Jordan, Barbara (1992) “New Democratic Order?” World Magazine, November 7th. 8-9.

Hitchens, Christopher (2009), God Is Not Great: How Religion Poisons Everything Hachette Book Group. Kindle Edition.

[1] I grant therapeutic abortion, abortion done to save the mother’s life, as a justified reasons

Shootings, Obama And Breakdown of New Atheism In Times Of Need

“[O]ur hearts are broken today for the parents and grandparents, sisters and brothers of these little children, and for the families of the adults who were lost.,” heart movingly said Barak Obama, not as a president of United State, but as a fellow parent to those who are affected by second worst U.S’s school shooting. He went further,

Our hearts are broken for the parents of the survivors, as well, for as blessed as they are to have their children home tonight, they know that their children’s innocence has been torn away from them too early and there are no words that will ease their pain.

I could not help but wept with Obama when he said,

The majority of those who died today were children — beautiful, little kids between the ages of 5 and 10 years old. They had their entire lives ahead of them — birthdays, graduations, weddings, kids of their own. Among the fallen were also teachers, men and women who devoted their lives to helping our children fulfill their dreams.(Obama 2012: n.p)

Appropriately, Obama ended with “[m]ay God bless the memory of the victims and, in the words of Scripture, heal the brokenhearted and bind up their wounds.”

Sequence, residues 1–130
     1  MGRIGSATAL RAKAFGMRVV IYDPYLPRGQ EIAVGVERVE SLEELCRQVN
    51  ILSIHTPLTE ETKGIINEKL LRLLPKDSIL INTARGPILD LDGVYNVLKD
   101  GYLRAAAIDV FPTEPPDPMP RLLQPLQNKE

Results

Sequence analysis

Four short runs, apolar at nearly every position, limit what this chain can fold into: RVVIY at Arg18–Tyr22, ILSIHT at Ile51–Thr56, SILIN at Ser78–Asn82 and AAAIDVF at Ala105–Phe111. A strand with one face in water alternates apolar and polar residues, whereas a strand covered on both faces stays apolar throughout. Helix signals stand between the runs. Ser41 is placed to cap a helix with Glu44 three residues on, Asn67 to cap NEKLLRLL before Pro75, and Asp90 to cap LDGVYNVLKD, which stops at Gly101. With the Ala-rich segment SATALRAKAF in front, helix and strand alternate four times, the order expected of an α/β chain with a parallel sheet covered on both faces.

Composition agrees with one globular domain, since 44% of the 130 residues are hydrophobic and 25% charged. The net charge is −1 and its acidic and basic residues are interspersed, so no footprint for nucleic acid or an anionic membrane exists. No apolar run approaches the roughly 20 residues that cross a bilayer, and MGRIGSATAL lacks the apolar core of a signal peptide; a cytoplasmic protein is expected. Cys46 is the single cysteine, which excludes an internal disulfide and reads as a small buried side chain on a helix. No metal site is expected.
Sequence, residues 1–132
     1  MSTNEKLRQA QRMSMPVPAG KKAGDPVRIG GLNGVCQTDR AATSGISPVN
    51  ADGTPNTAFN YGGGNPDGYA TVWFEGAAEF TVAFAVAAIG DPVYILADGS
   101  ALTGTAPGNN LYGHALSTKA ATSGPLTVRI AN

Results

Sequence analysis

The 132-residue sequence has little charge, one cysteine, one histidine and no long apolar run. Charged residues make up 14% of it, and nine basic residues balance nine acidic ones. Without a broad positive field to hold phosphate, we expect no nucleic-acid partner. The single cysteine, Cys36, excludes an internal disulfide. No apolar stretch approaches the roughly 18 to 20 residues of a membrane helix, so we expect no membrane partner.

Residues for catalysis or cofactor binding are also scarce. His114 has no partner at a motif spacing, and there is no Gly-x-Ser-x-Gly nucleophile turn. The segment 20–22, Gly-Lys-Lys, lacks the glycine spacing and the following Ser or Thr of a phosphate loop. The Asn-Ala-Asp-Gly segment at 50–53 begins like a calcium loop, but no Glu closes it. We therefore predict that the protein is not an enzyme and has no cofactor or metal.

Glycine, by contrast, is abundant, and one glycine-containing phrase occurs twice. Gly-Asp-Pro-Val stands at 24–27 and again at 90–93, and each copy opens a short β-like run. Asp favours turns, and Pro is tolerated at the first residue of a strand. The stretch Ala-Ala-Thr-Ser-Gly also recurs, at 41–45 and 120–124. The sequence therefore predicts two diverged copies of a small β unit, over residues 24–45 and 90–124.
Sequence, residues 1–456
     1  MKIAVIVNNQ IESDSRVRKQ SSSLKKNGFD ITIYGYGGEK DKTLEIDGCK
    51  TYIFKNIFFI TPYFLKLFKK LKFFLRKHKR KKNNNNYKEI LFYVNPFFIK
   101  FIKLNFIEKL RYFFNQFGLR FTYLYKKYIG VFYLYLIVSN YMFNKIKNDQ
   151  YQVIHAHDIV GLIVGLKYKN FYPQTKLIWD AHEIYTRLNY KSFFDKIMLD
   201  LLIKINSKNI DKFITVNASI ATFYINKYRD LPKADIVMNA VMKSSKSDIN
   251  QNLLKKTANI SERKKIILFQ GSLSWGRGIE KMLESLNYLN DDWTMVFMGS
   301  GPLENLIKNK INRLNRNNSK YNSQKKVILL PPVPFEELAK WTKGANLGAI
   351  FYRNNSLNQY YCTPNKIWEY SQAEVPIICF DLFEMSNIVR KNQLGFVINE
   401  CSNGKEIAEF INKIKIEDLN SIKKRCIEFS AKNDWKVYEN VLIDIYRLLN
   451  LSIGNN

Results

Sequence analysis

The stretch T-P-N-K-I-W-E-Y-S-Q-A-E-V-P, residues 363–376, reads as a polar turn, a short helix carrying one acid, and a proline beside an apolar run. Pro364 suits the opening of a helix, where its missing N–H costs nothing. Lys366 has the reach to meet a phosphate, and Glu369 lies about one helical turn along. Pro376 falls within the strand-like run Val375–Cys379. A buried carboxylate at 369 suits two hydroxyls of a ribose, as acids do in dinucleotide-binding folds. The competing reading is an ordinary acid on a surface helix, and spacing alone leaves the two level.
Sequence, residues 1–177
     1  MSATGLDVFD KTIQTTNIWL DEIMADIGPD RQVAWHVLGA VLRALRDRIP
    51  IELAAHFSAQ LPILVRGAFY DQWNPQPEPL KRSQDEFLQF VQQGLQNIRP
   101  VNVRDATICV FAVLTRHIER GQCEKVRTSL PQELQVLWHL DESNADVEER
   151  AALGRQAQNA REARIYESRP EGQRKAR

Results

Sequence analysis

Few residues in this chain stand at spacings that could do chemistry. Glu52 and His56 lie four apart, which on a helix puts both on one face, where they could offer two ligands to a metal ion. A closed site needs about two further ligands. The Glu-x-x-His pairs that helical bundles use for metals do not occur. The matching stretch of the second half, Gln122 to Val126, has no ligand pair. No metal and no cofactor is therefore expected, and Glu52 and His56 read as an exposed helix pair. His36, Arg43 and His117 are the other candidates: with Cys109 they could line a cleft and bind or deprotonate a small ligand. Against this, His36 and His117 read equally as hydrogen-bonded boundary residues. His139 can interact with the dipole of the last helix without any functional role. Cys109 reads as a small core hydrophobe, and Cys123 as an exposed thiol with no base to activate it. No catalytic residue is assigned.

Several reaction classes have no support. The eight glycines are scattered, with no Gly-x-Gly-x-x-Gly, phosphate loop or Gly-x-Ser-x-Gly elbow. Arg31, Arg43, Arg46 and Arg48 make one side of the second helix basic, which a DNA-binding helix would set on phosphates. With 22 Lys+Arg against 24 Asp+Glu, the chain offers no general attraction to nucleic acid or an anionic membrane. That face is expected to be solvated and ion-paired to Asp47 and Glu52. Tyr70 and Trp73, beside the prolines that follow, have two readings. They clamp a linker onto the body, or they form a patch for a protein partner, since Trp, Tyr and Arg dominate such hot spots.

What If Obama Was New Atheist? What Would He Have Said?

Obama’s closing remark made me ponder, what if Obama was new atheist and not a Christians who believes as Fyodor Dostoevsky that “suffering will be healed and made up for, that all the humiliating absurdity of human contradictions will vanish like a pitiful mirage”? What if Obama worldview was not as Dostoevsky put it,

In the world’s finale, at the moment of eternal harmony, something so precious will come to pass that it will suffice for all hearts, for the comforting of all resentments, for the atonement of all the crimes of humanity, of all the blood they’ve shed; that it will make it not only possible to forgive but to justify all that has happened with men( Dostoevsky 1922: 247-8 )

What if Obama did not believe that we are living in a fallen world that is groaning, as in the pains of childbirth, until Christ returns to restore all things? What if he did not believe in final day where God will give an ultimate judgment?

What if Obama speech was like what Richard Dawkins believe, namely we live in a  “universe of electrons and selfish genes, blind physical forces and genetic replication, some people are going to get hurt, other people are going to get lucky, and you won’t find any rhyme or reason in it, nor any justice.”? Would he have told his fellow parents whom are affected by second worst U.S school shooting,